It is all very fine to have lists of locations but there are other considerations like accessibility using public transport and the availability and cost of accommodation. Some locations are sure to be well known and hence will be busy places so knowing quieter times like shoulder seasons will prove useful as could using the services of a travel company. Of course, you cannot go anywhere without having the ideas in the first place.
There was a series on Irish television called “Reeling in the Years” where each program covered happenings in a certain year in the past using archive footage. The concept may not have been all that original though the focus of Irish events gave it a certain uniqueness. It was the sort of light television programming that could be repeated endlessly should a vacant slot need occupying.
Of course, that is not how I tend to view the entries on here and I often struggle to complete a trip report as I have been doing for a while with a day spent along Derbyshire’s Great Ridge in the autumn of 2017. Sometimes, what should produce a timely report can gain the feel of an archive item.
Nevertheless, 2020 is a leap year and a very rainy, snowy and windy February gains an extra day; it is hard to believe that we were basking in unseasonably warm sunshine just over a year ago. Perhaps, it is little wonder then that I often state that we get weather instead of seasons and such is the defining characteristic of a maritime climate.
January and February often are the quieter months of the year so there is some time for looking back and a little forward planning. Thus, I take this opportunity to cast my mind back over leap years from a outdoor wandering vantage point since that stops me at 2000 when I commenced my working life after formal education.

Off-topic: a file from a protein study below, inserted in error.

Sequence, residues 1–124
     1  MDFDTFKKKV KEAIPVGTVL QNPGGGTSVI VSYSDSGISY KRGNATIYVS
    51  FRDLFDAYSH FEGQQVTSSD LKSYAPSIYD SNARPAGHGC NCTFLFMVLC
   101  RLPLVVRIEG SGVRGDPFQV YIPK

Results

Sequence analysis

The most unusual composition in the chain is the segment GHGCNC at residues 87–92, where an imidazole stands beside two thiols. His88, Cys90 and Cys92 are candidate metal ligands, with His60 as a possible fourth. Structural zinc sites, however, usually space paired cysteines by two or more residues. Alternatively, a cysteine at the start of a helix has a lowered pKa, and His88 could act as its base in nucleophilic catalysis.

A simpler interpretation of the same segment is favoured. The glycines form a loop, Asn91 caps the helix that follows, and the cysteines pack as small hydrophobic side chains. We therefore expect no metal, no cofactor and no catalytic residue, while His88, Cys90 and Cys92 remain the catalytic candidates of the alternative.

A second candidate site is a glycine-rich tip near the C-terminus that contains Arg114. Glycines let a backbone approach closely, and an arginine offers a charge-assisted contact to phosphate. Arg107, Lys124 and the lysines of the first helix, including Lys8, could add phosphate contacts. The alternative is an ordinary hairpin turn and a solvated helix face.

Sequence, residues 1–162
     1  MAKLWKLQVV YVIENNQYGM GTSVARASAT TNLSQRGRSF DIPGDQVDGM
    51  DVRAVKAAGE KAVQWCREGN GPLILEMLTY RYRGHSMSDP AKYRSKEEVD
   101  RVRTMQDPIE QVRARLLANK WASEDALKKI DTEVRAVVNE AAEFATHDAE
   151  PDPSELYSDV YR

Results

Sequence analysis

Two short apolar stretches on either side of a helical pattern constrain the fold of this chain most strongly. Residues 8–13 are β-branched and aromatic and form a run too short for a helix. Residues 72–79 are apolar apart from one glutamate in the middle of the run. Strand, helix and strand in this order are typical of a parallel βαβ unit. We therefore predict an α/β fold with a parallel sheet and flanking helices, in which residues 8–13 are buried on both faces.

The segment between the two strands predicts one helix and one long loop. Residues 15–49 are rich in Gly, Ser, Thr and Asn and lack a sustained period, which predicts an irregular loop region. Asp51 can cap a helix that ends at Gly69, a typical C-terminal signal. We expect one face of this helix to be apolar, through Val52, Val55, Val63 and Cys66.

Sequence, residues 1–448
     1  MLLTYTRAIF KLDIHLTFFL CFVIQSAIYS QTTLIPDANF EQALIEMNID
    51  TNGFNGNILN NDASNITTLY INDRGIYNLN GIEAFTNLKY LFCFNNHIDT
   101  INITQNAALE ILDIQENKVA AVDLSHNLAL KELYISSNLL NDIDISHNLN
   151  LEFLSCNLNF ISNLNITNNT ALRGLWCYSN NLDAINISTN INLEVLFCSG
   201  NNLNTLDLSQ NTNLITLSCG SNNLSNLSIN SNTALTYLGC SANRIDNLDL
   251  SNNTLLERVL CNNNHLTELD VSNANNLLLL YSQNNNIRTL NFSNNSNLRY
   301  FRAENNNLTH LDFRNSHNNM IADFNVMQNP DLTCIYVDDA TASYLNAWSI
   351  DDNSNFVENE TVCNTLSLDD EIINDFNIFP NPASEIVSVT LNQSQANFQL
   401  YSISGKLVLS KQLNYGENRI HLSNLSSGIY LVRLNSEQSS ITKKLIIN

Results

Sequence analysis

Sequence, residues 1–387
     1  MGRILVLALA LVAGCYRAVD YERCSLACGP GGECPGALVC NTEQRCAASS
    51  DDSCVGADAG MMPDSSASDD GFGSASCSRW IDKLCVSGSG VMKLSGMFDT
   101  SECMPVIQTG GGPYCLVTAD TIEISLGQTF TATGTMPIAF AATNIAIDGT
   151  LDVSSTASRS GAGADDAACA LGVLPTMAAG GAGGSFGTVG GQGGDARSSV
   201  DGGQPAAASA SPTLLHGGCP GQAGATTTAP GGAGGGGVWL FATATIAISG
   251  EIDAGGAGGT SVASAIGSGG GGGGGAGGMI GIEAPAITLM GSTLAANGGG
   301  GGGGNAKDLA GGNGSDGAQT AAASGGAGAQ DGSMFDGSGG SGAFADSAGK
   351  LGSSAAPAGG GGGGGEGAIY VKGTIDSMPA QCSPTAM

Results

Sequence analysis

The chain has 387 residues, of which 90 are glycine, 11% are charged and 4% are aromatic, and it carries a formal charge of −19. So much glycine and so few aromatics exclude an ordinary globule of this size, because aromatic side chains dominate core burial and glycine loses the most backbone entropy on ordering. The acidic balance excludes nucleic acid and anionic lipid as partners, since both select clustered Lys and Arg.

By 2004, my pedestrian hill wandering had come into being with Scotland being a major focus along with England and Wales. The year itself was terrible from a weather standpoint with the summer being a washout. Only some flexibility at work allowed me to snatch a drier interlude to go north to Lorn and Lochaber to make the most of a fleeting opportunity.
2008 then was the third calendar year for this blog and saw a high point in my Scottish rambling. Until very recently, a week in August spent among some of the Western Isles became my most adventurous escapade ever. Skye was a staging point and I managed to avoid much of the rain that came from a stalled front lying across Ireland, England and Scotland. It now seems surreal that there was some glorious weather to be enjoyed on Harris, Berneray, North Uist, Benbecula and South Uist.
The occasional good fortune of those islands again manifested itself in 2012 when they in fact endured a drought while the the rest of Britain has the wettest summer ever. It was only the dryness of the Outer Hebrides that stopped the year going down in records as being wetter than in 2000, a year that I hardly regard as being that rainy at all though there were autumn deluges. The differences in weather were missed in 2012, not only because of a certain weather myopia but also because the heavy workload of 2011 had drained me to the point that energy for planning a return to the Western Isles just was not there.